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Modern Slavery Michael Moniz ALB Degree Candidate.

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Presentation on theme: "Modern Slavery Michael Moniz ALB Degree Candidate."— Presentation transcript:

1 Modern Slavery Michael Moniz ALB Degree Candidate

2 Old Slavery

3 New Slavery Kay Chernush for the U.S. State Department

4 How has slavery evolved? Old SlaveryNew Slavery Legal ownership assertedLegal ownership avoided High purchase costVery low purchase cost Low profitsVery high profits Shortage of potential slavesSurplus of potential slaves Long-term relationshipShort-term relationship Slaves maintainedSlaves disposable Ethnic differences importantEthnic differences not important K. Bales (1999) Disposable People, U California Press

5 How do we define the new slavery?  The threat or use of violence in the control of one person by another for the purposes of economic exploitation -K. Bales

6 What types of slavery exist today?  Traditional “chattel” slavery – Mauritania  Bonded labor – Brazil  Forced Labor - Burma  Child Labor – India rug making  Trafficking - Thailand

7 PracticeFree Will? Labor Power? Violence? White Slavery YYY Forced Labor YYY Debt Bondage YYY Child Prostitution YYY Forced Prostitution YYY Prostitution ??? Forced Marriage ??Y Apartheid ?NY Organ Harvesting ?N? Caste NNY Prison Labor N?Y Kevin Bales; Understanding Global Slavery, U of CA press, 2005 Distinctions of Human Rights Violations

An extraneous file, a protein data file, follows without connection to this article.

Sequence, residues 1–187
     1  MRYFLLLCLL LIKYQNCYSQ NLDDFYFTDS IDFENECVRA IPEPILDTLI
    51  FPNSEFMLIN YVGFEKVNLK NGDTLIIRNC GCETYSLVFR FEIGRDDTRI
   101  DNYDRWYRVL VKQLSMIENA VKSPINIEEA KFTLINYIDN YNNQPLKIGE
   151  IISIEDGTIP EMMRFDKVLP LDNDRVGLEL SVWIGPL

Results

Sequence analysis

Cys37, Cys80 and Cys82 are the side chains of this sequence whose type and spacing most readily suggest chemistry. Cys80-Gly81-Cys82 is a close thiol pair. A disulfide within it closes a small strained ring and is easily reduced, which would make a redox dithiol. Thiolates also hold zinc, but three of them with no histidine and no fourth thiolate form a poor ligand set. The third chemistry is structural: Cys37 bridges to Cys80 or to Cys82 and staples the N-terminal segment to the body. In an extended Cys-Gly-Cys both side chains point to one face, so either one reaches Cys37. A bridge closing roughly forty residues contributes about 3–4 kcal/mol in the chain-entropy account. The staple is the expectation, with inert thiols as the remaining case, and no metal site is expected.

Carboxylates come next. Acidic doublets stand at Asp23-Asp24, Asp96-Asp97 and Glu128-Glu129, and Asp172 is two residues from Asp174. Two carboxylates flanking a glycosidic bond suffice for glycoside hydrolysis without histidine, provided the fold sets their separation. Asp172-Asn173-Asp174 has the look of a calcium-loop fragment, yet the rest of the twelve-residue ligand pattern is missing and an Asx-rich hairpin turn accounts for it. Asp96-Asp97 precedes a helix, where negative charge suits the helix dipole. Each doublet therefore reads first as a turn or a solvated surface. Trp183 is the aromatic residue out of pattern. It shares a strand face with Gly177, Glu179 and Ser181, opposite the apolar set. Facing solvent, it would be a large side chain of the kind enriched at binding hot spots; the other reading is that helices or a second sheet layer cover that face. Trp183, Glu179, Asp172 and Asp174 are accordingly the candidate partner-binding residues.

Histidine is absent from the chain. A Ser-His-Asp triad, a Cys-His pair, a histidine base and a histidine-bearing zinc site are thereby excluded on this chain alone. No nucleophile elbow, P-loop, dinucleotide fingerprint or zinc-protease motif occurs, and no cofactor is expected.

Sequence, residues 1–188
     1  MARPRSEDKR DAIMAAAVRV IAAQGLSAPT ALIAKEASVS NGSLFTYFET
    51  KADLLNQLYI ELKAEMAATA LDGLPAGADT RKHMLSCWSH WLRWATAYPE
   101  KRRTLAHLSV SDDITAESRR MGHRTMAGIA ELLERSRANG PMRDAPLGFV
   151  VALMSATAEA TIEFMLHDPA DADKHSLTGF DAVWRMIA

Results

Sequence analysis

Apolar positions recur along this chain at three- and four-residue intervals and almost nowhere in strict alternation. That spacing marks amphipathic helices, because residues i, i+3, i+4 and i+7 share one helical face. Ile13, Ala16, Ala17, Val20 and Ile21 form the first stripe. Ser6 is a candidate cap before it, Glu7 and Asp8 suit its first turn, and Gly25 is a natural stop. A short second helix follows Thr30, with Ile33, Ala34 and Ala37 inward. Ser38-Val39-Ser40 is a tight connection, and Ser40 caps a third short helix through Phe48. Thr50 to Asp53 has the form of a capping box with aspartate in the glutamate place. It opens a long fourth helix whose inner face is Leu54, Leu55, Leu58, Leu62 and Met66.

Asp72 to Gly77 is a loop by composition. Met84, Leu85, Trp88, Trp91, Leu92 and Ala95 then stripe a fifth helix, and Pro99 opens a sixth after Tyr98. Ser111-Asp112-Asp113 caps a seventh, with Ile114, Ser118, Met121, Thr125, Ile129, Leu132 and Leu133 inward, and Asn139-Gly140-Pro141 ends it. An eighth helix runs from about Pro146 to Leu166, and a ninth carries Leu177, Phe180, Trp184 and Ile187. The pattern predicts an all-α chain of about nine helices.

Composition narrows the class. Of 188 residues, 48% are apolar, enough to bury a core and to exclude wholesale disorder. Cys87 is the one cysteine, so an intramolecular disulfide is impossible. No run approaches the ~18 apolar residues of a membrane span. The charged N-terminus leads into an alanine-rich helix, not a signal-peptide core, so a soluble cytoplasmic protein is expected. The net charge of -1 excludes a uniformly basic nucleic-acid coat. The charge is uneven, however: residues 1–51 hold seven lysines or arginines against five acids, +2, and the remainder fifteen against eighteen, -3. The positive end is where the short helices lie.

8 What is the scope of the new slavery?  Third largest international crime behind drug and arms smuggling  Generates an estimated $13B / year, this is approximately equal to the amount Americans annually spend on jeans.  CIA / State department estimate over 50,000 women and children are trafficked into the U.S. every year.  In India or Nepal, a person can be trapped into a lifetime of hard labor just to pay the interest on as little as $36.  There are more individuals enslaved today than at any point in recorded history—including the transatlantic slave trade  The Human Rights Center at UCB estimates between 1998 and 2003 there were 57 forced labor operations in California that involved over 500 people in almost a dozen cities

9 What factors contribute to modern slavery?  Explosive population increase post-WWII; The world has gone from 2M people in 1945 to 6M+ today.  Rapid economic and societal modernization  Push/Pull factors in sending/receiving countries  Government complicity (esp. Police)  Cultural factors

10 International Anti-Slavery Laws  The 1926 Slavery Convention of the League of Nations, the predecessor to the United Nations.  The 1948 Universal Declaration of Human Rights states that: ‘No one shall be held in slavery or servitude; slavery and the slave trade shall be prohibited in all their forms.’  The 1956 Supplementary Convention on the Abolition of Slavery, the Slave Trade and Institutions and Practices similar to Slavery, banned ‘institutions and practices similar to slavery’: debt bondage, serfdom, servile marriage

11  Burma, Brazil, India, Mauritania, Pakistan, Thailand

12 What can be done?  Pressure international institutions to demand member nations enforce already existing treaties.  Boycotts are counterproductive  Give NGOs in affected countries resources to both free slaves AND assist in integration into free society  Ask hard questions of nonprofits, politicians and business.

13 Further Information  Free the Slaves  Anti-Slavery International  Rugmark Foundation  Not For Sale Campaign  Polaris Project

14 End Kay Chernush for the U.S. State Department

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